Page last updated at 12:30 GMT, Friday, 7 November 2008

Tram timetable arrives in A-level

Writing
There was too much emphasis on functionality, said Mrs McCabe

A tram timetable is being studied as part of an A-level English syllabus, sparking claims of dumbing down.

Leading head teacher Bernice McCabe said the AQA exam board had also considered including a bus pass in its English Language and Literature exam.

The head of the private North London Collegiate School warned an emphasis on skills could lead to pupil's "cultural and intellectual impoverishment".

The AQA said candidates studied a range of literary and non-literary texts.

We don't do any favours by dumbing things down and making their lessons 'relevant'
Bernice McCabe
Headmistress of North London Collegiate School

Mrs McCabe made the claim at a residential seminar for teachers at the Prince's Teaching Institute in Crewe.

She said teachers were being thwarted by "the pervasive philosphy that the over-riding purpose of education is to enhance the competitiveness of the nation".

One of the government's key educational pledges is to massively improve the basic skills of the nation so that Britain can maintain its place in the global economy.

She said exams watchdog the Qualifications and Curriculum Authority said "nothing about what children should be learning."

"But it is indicative that the current specifications for an AS paper in English Language and Literature should include a railway timetable and that a chief examiner should be seriously discussing with teachers the merits of putting a bus pass in the same anthology.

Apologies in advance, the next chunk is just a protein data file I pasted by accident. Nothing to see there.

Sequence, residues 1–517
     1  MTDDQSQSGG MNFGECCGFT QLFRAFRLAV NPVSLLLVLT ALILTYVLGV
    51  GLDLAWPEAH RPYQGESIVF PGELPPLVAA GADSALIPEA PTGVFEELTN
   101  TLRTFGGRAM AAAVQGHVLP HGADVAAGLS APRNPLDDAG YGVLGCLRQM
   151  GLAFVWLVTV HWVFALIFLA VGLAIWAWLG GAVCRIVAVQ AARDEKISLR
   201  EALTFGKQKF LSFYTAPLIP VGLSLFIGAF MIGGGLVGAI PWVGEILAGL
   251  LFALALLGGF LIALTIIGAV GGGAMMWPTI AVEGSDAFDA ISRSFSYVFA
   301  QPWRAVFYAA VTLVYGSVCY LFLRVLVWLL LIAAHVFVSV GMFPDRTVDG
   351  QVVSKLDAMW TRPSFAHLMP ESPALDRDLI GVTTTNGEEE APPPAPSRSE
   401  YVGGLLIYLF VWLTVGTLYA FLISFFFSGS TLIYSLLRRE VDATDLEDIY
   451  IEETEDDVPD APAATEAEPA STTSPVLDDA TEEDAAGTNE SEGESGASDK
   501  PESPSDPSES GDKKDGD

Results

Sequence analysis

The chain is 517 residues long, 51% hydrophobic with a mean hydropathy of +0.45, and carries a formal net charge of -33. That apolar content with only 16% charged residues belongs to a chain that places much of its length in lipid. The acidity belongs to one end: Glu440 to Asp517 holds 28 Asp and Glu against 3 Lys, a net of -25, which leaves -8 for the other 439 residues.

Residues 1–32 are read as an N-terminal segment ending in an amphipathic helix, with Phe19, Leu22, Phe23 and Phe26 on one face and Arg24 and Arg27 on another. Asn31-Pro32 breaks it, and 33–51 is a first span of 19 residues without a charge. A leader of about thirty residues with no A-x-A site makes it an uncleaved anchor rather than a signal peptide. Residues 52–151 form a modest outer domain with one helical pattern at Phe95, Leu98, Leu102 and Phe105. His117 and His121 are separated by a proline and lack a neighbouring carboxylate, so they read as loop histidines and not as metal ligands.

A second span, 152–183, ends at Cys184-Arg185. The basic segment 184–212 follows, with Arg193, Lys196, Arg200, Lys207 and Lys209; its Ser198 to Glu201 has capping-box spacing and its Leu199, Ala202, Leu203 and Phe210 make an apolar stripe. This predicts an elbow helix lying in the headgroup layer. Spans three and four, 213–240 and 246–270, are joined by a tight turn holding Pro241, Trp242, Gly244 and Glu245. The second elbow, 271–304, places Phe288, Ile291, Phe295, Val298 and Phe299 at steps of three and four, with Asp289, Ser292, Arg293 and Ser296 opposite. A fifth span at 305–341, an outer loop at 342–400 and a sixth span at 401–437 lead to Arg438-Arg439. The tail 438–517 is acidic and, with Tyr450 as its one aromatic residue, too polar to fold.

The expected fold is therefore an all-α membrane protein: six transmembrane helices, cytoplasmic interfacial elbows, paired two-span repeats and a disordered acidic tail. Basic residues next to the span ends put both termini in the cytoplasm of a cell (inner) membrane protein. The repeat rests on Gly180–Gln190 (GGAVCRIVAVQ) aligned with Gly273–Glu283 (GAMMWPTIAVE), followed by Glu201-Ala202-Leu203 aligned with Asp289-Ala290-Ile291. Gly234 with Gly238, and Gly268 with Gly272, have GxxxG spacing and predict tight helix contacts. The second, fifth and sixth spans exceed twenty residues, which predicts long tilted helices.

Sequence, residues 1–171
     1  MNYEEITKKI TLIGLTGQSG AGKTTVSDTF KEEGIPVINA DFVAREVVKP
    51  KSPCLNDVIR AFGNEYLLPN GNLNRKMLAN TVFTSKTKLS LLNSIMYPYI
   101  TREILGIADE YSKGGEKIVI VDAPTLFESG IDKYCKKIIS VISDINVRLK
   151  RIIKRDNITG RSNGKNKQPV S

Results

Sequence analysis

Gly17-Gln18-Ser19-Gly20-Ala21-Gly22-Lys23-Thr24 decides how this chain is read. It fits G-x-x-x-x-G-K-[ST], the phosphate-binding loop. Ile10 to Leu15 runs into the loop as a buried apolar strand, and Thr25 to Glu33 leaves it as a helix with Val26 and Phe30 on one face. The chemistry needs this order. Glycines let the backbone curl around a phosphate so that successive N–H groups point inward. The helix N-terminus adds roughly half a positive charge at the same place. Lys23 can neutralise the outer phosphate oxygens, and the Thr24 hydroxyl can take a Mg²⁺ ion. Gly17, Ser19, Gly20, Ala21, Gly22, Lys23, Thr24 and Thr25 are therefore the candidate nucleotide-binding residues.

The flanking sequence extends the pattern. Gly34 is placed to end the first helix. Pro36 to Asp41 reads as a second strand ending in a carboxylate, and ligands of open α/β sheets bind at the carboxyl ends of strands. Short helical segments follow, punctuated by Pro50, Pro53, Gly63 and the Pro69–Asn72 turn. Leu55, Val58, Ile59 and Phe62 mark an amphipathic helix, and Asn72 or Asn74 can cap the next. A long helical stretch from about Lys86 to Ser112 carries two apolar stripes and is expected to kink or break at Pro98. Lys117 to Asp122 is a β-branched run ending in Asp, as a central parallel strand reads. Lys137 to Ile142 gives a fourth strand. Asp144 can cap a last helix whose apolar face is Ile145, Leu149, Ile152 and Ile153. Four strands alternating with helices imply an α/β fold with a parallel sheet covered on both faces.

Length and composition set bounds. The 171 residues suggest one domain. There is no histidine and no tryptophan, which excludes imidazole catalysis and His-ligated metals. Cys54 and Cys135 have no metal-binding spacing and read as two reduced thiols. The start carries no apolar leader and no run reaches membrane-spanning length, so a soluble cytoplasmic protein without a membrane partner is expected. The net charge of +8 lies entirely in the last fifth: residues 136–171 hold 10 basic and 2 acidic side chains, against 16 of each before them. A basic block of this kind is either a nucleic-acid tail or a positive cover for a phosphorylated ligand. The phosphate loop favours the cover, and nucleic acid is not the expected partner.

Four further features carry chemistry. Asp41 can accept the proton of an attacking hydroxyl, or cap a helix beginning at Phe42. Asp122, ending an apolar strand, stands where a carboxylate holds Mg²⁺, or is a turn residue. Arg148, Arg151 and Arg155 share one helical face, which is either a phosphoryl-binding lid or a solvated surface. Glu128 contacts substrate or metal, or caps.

"By far the most serious consequence of this emphasis on functionality in education policy is that it may lead to the cultural and intellectual impoverishment of a generation of school children."

The best teaching was about communicating with enthusiasm what lies at the heart of the subject, she said.

'Dickens studied too'

She added that pupils were encouraged by being challenged and said: "We don't do any favours by dumbing things down and making their lessons 'relevant'".

"By having high expectations and ensuring that all pupils, irrespective of their backgrounds, are taught the aspects of our subjects that we most value rather than those that are immediately accessible," Mrs McCabe added.

An AQA spokeswoman said the inclusion of the Manchester Metrolink Tram Guide in one of the units A-level students study in their first year had been taken out of context.

She said it appeared in an anthology of 30 texts entitled Travel, Transport and Locomotion which accompanied a unit on language and literature study.

"The purpose of the unit is to allow candidates to study, via the anthology, a range of thematically linked spoken and written texts."

Candidates studied a variety of texts, with different purposes that are written at different times.

These covered the three major literary genres and a range of non-literary texts.

"The tram guide is just one of the non-literary texts and amongst the literary texts are pieces by Samuel Johnson, Joseph Conrad, Mark Twain and Charles Dickens," she added.

However, the board recently launched an English version of the international Baccalaureate which it promises ensures students get a "broader more rounded education".



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